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(© 2017 Journal GlobaLinks)


CHICAGO (JGL) — World Champion Chicago Cubs shortstop Filipino American Addison Russell may not be playing baseball as he is

recovering from a right foot strain but he is busy thinking how he can gain “home-court advantage” in another arena — the Circuit Court of Escambia County in his residential and native Florida, where he filed a Dissolution of Marriage against his wife, Melisa Reidy-Margallo Russell. 

Under the Uniform Child Custody Jurisdiction and Enforcement Act (UCCJEA) that took effect in 1997 across the nation, a state gains exclusive and continuing jurisdiction if it is the home state of the child when the custody action starts; or — if the child is no longer in the state – it was the child’s home state within six months before the action started and at least one parent continues to live in the state. 

In his UCCCJEA Affidavit supporting his motion to dismiss the Petition of Dissolution of Marriage filed by Melisa, one of his lawyers, Michael Doyen, of the Doyen Law Group of Elgin, Illinois before Cook County Court Judge Grace G. Dickler in Chicago, Illinois, Mr. Russell said his less-than-two year-old son’s “residence for the past five years,” shows that during the last 650 days (21 and a half months), his Chicago-born child (born Aug. 24, 2015), Aiden Kai Margallo Russell, has resided 305 days (10 months) in Illinois (Chicago), 255 days (8.5 months) in Florida, (107 days or 3.5 months) in his residential town of Pensacola and 95 days (3 months and 5 days) in Milton, Florida (where they were married) and 53 days (1.8 months) in Melisa’s Filipino mother’s home in Pensacola. 

In the last three months (90 days) prior to his filing the Dissolution of Marriage case before the Escambia court, Addison said, Aiden has resided in Chicago for the first 24 days. 

Addison explained that Major League Baseball Championship season runs generally April 1- October 1. Playoffs and World Series end late October/early November. Spring Training runs generally Feb. 15 - March 15. 

He said both mother and father are Florida residents as indicated on their Driver’s Licenses. Locations out of Florida are temporary absences due to his employment. Between November 2016 to petition date, the child resided in Florida for approximately 140 days in contrast to Illinois at 30 days. 


In his Affidavit, Addison said he has “a continuing duty to advise this Court of any custody, visitation or time-sharing, child support, or guardianship proceeding (including dissolution of marriage, separate maintenance, child neglect or dependency) concerning the child in this state or any other state about which information is obtained during this proceeding. 

“I understand that I am swearing or affirming under oath to the truthfulness of the claims made in this affidavit and that the punishment for knowingly making a false statement includes fines and/or imprisonment.” 

In his motion to stay proceeding filed on July 6, 2017, Russell said when he filed the Dissolution of Marriage on June 8, 2017 in Florida, “seeking determination of parenting responsibilities and parenting time,” it constituted a “prior child custody proceedings” under the UCCJEA of Illinois Act.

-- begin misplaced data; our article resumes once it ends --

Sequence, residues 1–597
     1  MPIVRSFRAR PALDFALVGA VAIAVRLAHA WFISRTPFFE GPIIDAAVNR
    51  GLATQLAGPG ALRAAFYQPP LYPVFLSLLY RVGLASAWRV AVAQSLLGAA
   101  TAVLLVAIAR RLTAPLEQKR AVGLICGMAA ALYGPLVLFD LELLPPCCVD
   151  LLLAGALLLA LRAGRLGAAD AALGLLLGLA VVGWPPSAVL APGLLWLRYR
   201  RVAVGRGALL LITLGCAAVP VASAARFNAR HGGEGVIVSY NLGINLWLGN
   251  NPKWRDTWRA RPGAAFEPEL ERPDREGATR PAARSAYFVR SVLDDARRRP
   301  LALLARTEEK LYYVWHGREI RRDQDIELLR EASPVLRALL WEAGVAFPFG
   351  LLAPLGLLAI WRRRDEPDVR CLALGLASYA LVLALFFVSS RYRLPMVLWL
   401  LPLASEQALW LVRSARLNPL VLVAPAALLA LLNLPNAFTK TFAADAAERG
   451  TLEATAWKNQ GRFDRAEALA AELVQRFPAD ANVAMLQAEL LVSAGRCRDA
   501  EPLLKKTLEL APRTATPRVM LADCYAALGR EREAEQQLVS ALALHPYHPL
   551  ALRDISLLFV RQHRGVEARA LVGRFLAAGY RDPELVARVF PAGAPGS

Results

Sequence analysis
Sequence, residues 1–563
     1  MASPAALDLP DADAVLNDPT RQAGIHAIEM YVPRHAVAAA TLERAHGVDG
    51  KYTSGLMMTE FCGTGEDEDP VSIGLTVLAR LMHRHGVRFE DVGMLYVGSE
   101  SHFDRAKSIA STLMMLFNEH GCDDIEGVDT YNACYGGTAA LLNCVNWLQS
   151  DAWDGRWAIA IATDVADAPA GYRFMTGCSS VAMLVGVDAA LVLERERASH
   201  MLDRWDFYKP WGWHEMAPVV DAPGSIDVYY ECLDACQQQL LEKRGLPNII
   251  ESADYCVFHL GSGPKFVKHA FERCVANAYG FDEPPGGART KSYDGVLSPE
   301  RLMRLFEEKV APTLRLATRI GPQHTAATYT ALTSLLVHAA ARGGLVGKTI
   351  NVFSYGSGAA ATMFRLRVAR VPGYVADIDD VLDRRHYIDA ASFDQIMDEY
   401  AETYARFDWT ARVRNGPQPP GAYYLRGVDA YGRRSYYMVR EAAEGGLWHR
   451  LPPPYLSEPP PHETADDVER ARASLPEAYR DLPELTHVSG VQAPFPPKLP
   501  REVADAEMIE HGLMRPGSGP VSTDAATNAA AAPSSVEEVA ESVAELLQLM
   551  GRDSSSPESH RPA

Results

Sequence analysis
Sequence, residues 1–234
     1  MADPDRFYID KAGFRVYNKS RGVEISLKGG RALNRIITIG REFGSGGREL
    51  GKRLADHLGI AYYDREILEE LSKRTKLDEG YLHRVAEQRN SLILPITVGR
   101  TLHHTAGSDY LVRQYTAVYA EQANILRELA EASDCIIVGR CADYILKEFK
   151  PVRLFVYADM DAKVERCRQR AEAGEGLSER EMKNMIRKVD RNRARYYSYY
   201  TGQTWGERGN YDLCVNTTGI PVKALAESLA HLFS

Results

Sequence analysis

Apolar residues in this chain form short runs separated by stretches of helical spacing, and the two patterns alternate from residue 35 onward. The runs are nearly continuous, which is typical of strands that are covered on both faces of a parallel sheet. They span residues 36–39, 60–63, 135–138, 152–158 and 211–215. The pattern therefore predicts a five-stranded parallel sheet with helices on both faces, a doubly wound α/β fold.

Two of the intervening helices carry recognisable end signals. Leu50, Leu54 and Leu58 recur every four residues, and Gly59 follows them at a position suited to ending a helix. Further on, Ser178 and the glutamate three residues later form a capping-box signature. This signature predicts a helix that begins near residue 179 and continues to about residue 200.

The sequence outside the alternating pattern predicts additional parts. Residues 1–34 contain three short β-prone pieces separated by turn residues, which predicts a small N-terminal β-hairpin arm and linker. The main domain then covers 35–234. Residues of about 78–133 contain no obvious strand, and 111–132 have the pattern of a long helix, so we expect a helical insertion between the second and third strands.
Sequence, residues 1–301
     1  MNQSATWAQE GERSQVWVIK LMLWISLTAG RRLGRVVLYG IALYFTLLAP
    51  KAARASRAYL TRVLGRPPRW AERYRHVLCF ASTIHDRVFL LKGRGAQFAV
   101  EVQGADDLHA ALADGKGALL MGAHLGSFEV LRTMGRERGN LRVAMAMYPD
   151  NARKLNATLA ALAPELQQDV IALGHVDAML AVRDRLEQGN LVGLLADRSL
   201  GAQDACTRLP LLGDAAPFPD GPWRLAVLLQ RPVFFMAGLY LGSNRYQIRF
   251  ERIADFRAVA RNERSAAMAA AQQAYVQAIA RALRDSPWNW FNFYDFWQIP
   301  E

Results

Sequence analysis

He said, “this (Cook County) court is required to ‘stay proceeding and communicate with the Court’ in Florida and must defer to the determination of the Florida court and dismiss this action unless Florida Court determines this Court is a more appropriate forum.” 

In response to Addison’s motion to stay proceedings, Melisa, thru her lawyer, Thomas T. Field of Beermann Pritikin Mirabelli Swerdlove LLP, said when she filed the petition to dissolve her marriage to Addison on June 15, 2017, she was not aware that “a separate petition had been filed in Escambia County, Florida.” 


She urged the Cook County court to “hold a UCCJEA telephone conference with a judicial officer of Escambia County, Florida to determine which state, Illinois or Florida, is more appropriate to adjudicate the issues presented in the dissolution of marriage proceedings, including but not limited to, issues relating to child-custody.” 

Melisa argued that the Illinois court still “has subject matter jurisdiction over the issues presented in the dissolution of marriage. Petitioner was a resident of Cook County, Illinois at the time of the filing of the Illinois Petition and the Respondent has been a resident of Cook County, Illinois 90 days prior to the filing of the Illinois Petition. The parties marital status and the issues of support maintenance/alimony and the equitable division of assets, which emanate therefrom, are 'justiciable' matters giving rise to the Illinois court’s subject matter jurisdiction.” 

Melisa argued that Illinois is a “more appropriate forum in which to adjudicate the issues” presented in the case because, the “Respondent, who is currently the sole income earner, primarily resides in Illinois, is primarily employed in Illinois and the majority of the marital assets and liabilities are located in Illinois.” 

In response to the motion to dismiss, Melisa said Respondent’s motion to dismiss “is utterly defective in form and in substance. He has failed to articulate a single reason for dismissal and his Motion to Dismiss this action should be denied.”  

A status report regarding the motion to dismiss hearing of the case is set on Aug. 15 at 9:30 a.m. (Contact reporter: This email address is being protected from spambots. You need JavaScript enabled to view it.)


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